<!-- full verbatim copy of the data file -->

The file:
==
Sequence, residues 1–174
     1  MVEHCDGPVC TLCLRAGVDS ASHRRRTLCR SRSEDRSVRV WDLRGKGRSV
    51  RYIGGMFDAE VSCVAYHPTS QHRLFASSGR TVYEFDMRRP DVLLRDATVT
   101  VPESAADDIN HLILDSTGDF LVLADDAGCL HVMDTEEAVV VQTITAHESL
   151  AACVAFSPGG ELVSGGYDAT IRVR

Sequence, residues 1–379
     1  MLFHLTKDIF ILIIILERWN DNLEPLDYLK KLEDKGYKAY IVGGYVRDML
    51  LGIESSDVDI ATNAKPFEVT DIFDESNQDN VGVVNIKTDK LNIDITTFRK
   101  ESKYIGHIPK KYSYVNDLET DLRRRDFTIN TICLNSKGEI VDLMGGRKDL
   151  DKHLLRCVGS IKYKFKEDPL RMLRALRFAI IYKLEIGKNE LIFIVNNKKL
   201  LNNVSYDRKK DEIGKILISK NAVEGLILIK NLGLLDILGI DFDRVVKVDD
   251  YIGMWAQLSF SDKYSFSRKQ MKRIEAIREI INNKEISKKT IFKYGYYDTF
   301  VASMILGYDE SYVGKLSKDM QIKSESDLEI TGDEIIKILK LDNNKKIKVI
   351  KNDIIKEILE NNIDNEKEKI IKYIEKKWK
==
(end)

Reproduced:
Sequence, residues 1–174
     1  MVEHCDGPVC TLCLRAGVDS ASHRRRTLCR SRSEDRSVRV WDLRGKGRSV
    51  RYIGGMFDAE VSCVAYHPTS QHRLFASSGR TVYEFDMRRP DVLLRDATVT
   101  VPESAADDIN HLILDSTGDF LVLADDAGCL HVMDTEEAVV VQTITAHESL
   151  AACVAFSPGG ELVSGGYDAT IRVR

Sequence, residues 1–379
     1  MLFHLTKDIF ILIIILERWN DNLEPLDYLK KLEDKGYKAY IVGGYVRDML
    51  LGIESSDVDI ATNAKPFEVT DIFDESNQDN VGVVNIKTDK LNIDITTFRK
   101  ESKYIGHIPK KYSYVNDLET DLRRRDFTIN TICLNSKGEI VDLMGGRKDL
   151  DKHLLRCVGS IKYKFKEDPL RMLRALRFAI IYKLEIGKNE LIFIVNNKKL
   201  LNNVSYDRKK DEIGKILISK NAVEGLILIK NLGLLDILGI DFDRVVKVDD
   251  YIGMWAQLSF SDKYSFSRKQ MKRIEAIREI INNKEISKKT IFKYGYYDTF
   301  VASMILGYDE SYVGKLSKDM QIKSESDLEI TGDEIIKILK LDNNKKIKVI
   351  KNDIIKEILE NNIDNEKEKI IKYIEKKWK